HUNDREDS of locals and visitors followed the Great Lakes Food Trail over the Easter weekend, discovering some of the best quality produce available anywhere.
Buffalo milk, mozzarella and succulent pork were some of the many temptations on offer at the 15 stops around the region.
Kids got hands on by feeding lambs and collecting free range eggs at Lucy Land Merino Farm in Bulahdelah, showing the important link between paddock and plate.
“It’s important to understand where your food comes from and how it’s developed,” owner Julie Steepe said.
“It shows what’s involved with the process, and how humanely and ethically it can be done.”
Julie said she is committed to chemically free farming, which produces a cleaner, more natural product.
Local honey straight from the hives at Bulahdelah Men’s Shed featured at the second stop on the trail.
Men’s Shed member Gary Haynes said the local flora gives the honey its unique taste.
“The local honey is the best,” Mr Haynes said.
“It is very sweet, palpable, with no additives, just all the good stuff.”
A stop at Old Inn Road Vineyard provided the chance to relax in the valley while enjoying a glass of local wine.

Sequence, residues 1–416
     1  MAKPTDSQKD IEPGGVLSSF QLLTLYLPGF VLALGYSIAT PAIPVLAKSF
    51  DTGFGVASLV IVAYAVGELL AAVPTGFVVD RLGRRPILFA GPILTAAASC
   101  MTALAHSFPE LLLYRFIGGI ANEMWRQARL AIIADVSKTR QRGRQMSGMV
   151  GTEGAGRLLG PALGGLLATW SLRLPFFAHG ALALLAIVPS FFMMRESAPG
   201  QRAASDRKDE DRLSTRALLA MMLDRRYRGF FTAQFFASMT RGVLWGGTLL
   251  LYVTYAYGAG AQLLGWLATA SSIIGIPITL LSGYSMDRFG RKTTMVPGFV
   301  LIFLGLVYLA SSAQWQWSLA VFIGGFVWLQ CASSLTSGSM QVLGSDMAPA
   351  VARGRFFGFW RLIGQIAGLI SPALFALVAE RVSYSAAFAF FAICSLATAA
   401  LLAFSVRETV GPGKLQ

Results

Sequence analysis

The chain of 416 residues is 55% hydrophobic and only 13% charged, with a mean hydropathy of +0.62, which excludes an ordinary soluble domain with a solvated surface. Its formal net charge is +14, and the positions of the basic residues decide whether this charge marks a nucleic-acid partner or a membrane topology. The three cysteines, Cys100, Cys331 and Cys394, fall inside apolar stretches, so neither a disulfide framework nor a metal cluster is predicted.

Co-owner Sooze Bosire said they focus on producing very clean, well balanced wines, which complement the region’s produce.
“The Verdelho goes very well with local prawns and oysters and the Dolcetto is an excellent medium bodied dry red that goes well with the local beef,” she said.
“The Chambourcin is a really robust variety that does well here also.”
Sooze said they have expanded their product range to include marmalades, with “a dash of wine” to give them a unique flavor.
Other stops along the trail included Wootton’s Brush Turkey Café, Burraduc Buffalo Dairy and Artisan Cheeses at Bungwahl and Topi Open Range near Seal Rocks.
“Our aim was to show the community that you can have ethical and local food at a reasonable cost,” Julie told News Of The Area.
Given the success of the weekend, Julie said they hope the event will become a regular feature.
By Daniel SAHYOUN